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Cambridgeshire Mayor asks Chancellor for investment in Haverhill to St Neots transport network




From left: Lucy Frazer MP, Sir Henry Bellingham MP, Jo Churchill MP, Chancellor Philip Hammond, Chloe Smith MP, Steve Barclay MP, George Freeman MP, Mayor James Palmer and Elizabeth Truss MP. (4217021)
From left: Lucy Frazer MP, Sir Henry Bellingham MP, Jo Churchill MP, Chancellor Philip Hammond, Chloe Smith MP, Steve Barclay MP, George Freeman MP, Mayor James Palmer and Elizabeth Truss MP. (4217021)

The Mayor of Cambridgeshire and Peterborough has sent a letter to the Chancellor of the Exchequer calling for investment in the £2.5bn metro and light rail network that would link Haverhill to Cambridge and beyond.

In his letter to Philip Hammond, James Palmer highlights not just the St Neots to Haverhill (via Cambridge) light rail and metro system, but 19 other key transport infrastructure projects that he would like to see funded.

Mayor Palmer said: "The Cambridgeshire and Peterborough economy alone contributes a net £5 billion to the Treasury annually, yet East Anglia doesn’t get its fair share of transport infrastructure funding in return.

The submission to the Treasury is about this region coming together with a single, powerful voice and asking for a little bit more back from the significant amount we put in.

“The Government will spend an estimated £56 billion on HS2.

"If East Anglia was given just a tenth of that sort of funding, the road and rail projects it would deliver would absolutely transform our economy and improve lives for so many.

"Not only that, but our strong economy means the Treasury would be repaid its investment many times over in tax receipts in the long run.

“We have recently received the final report of a hugely detailed and in-depth study of the Cambridgeshire and Peterborough economy, which highlights its exceptional growth and innovation, but also the very real risks to that growth in the future.

"Transport infrastructure features heavily among those risks, where if we don’t invest in projects like the A10, the A47 and progressing with a metro for Greater Cambridge and the wider area, the economy will suffer. This is not just an issue for us locally, but should be of concern to national Government as well.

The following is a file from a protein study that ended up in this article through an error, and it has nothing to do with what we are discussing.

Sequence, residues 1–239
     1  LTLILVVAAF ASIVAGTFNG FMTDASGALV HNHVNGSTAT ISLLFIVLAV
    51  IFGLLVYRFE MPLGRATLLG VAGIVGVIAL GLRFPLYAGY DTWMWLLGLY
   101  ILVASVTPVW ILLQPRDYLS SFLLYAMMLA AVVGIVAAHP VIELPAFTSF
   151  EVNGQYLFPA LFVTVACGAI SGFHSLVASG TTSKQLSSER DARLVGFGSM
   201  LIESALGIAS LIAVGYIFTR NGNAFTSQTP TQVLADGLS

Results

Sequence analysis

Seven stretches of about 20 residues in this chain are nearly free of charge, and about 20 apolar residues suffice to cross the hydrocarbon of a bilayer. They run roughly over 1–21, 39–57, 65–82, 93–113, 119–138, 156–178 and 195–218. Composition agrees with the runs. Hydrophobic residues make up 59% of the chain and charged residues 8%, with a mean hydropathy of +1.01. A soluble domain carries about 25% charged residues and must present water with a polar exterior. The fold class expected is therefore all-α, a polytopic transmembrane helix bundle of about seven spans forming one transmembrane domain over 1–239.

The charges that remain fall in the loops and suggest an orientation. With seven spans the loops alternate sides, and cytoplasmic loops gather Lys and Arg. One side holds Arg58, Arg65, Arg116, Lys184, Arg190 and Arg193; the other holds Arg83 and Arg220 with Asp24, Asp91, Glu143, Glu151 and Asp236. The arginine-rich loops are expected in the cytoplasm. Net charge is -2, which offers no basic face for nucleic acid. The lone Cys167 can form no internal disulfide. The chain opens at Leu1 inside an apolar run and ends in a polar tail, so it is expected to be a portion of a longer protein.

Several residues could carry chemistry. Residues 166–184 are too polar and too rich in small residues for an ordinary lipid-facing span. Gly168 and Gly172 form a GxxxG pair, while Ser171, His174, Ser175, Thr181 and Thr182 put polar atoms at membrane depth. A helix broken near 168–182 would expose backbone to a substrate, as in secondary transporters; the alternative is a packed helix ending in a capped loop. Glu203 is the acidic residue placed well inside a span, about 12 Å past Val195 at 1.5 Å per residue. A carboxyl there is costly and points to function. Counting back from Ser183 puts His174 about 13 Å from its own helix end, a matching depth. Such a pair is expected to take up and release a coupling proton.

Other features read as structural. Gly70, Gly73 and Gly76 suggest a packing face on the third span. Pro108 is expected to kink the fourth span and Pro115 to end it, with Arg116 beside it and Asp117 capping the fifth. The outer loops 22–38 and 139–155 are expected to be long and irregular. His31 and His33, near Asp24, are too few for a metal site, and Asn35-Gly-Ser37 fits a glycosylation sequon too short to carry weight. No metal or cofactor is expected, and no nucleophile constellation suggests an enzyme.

“It is also important to recognise that transport networks and economies across all of East Anglia are heavily interconnected and do not stop at county borders.

"Upgrading the notorious rail bottleneck at Ely, for example, will not just benefit Cambridgeshire, but will also unlock more services, with greater capacity, across Norfolk, Suffolk and beyond.

"If we make the argument to government about these wider benefits, I think it makes the case for such upgrades much more powerful.”

“Myself and MPs across Norfolk, Suffolk and Cambridgeshire recognise that together we are stronger and for all the talk of a Northern Powerhouse and a Midlands Engine, the East is very much an economic force that the Government needs to recognise more.

"We have had some very productive meetings with the Treasury in recent months and we look forward to working with them further to ensure East Anglia reaches its potential as a vibrant and dynamic part of the UK economy."

The request has the support of MPs across Norfolk, Suffolk and Cambridgeshire and following several meetings at the Treasury, ahead of the Chancellor’s final preparations for his Autumn Budget.

The submission states that the projects will improve the economy and unlock jobs and housing growth.

It does not expect the Government to fund every project in full, but is about requesting a fairer share of funding that would help deliver the schemes.

The letter describes the “chronic underfunding” of East Anglia, where in 2017 public expenditure in the region was £8,155 per capita, less than the UK average of £9,159.

The lack of infrastructure investment, the letter says, has led to problems of an overheated property market in places like Greater Cambridge, as well as issues of congestion and slow housing growth in much of the region.

The letter from Mayor Palmer also calls for greater devolution of powers to help the Cambridgeshire and Peterborough Combined Authority deliver these projects.

This includes fiscal devolution – the ability to retain more of the taxes generated to finance such upgrades. Tax increment financing is one example.

Granting the Combined Authority the ability to raise infrastructure funding through land value capture and the power to create Mayoral Development Corporations to drive through big infrastructure schemes is also raised in the letter.

Greater devolution powers were recently supported in the East of England All Party Parliament Group’s own submission ahead of the Autumn Budget, stating it would help deliver the interventions needed to boost the economy.



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